Although Chuck McGill is a brilliant attorney whose legal skills are legendary in the Albuquerque legal community, he suffers from a psychosomatic illness that leads him to believe he is sensitive to electricity. Although Jimmy cares for Chuck, the older McGill is deeply resentful of his scheming younger brother and quickly becomes the main antagonist in the first few seasons of the show.
McKean’s performance on Better Call Saul was raunchy, and Chuck’s intentions are always surrounded by insecurity and self-righteousness. It’s the kind of nuanced role that would normally require close collaboration between an actor and the writers to portray it correctly. However, McKean said that after being allowed to lead the character in his own direction for the first few seasons, he only came to the writers with small suggestions.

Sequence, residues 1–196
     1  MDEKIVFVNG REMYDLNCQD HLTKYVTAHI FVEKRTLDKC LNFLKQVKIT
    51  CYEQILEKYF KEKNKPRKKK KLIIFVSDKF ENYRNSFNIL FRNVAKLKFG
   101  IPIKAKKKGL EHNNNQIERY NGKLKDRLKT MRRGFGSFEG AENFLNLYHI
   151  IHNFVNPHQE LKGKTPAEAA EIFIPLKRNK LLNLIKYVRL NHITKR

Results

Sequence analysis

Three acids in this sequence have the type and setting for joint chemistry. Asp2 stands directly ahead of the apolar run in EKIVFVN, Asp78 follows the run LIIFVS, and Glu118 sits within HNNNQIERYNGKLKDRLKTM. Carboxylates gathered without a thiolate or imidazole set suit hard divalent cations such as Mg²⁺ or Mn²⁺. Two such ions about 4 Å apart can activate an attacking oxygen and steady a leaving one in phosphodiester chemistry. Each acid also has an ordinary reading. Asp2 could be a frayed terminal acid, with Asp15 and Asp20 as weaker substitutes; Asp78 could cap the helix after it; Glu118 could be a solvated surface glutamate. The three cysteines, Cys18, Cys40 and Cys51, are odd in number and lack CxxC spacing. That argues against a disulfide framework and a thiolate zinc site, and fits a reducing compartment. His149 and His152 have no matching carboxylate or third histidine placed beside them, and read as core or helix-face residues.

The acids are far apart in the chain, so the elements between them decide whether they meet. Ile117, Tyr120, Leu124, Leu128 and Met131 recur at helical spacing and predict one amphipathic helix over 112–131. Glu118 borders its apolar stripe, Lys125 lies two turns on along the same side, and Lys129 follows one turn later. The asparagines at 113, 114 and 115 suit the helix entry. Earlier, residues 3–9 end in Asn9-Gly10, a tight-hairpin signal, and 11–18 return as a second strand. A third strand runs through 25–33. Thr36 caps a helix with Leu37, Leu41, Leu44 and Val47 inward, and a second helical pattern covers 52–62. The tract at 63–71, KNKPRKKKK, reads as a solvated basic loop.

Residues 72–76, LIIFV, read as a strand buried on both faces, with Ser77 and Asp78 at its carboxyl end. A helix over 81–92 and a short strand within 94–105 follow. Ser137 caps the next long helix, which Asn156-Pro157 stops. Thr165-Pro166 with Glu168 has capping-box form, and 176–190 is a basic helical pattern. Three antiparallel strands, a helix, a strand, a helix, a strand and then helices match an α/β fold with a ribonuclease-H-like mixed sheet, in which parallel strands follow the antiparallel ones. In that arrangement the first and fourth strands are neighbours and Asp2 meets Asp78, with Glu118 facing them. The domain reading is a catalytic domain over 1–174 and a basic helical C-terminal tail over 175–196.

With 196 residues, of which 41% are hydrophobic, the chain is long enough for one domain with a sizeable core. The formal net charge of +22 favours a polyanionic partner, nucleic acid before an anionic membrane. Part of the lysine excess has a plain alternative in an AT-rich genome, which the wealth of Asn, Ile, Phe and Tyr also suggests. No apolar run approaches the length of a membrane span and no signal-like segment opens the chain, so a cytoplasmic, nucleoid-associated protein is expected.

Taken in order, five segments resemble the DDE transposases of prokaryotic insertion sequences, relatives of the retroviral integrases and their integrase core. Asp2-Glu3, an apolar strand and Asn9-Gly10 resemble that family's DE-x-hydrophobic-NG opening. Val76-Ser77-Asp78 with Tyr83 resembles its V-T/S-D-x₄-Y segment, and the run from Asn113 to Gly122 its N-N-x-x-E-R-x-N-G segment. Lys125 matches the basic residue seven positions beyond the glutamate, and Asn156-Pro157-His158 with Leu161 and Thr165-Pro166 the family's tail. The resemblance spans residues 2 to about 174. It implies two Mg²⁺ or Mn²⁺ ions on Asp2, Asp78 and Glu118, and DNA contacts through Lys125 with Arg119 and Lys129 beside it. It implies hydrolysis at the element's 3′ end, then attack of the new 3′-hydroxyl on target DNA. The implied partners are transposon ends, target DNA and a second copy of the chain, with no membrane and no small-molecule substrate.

Additionally, as McKean told The Hollywood Reporter, the series’ writing style was so succinct and well-structured that it never needed much clarification. “The only questions I had were, ‘Those two sets, guys? “It could be a sentence,” he said. “It really is. It’s so detailed because they’re very, very clear. It’s not like we’re sitting around having cop meetings and we’re like, ‘Hey, where is Chuck going this year?’ It’s like, ‘Tell me me, guys.” I’m the hitman. As long as you don’t bully me, I won’t bully you either.'”
McKean did not stay with Better Call Saul for its entire run, as his character met a tragic fate at the end of Season 3. The absence of his gravity-laden performance was deeply felt. Although characters like Gustavo Fring (Giancarlo Esposito) spice up season four, it took some time to escape the pull of the chuck-shaped hole at the center of the series.
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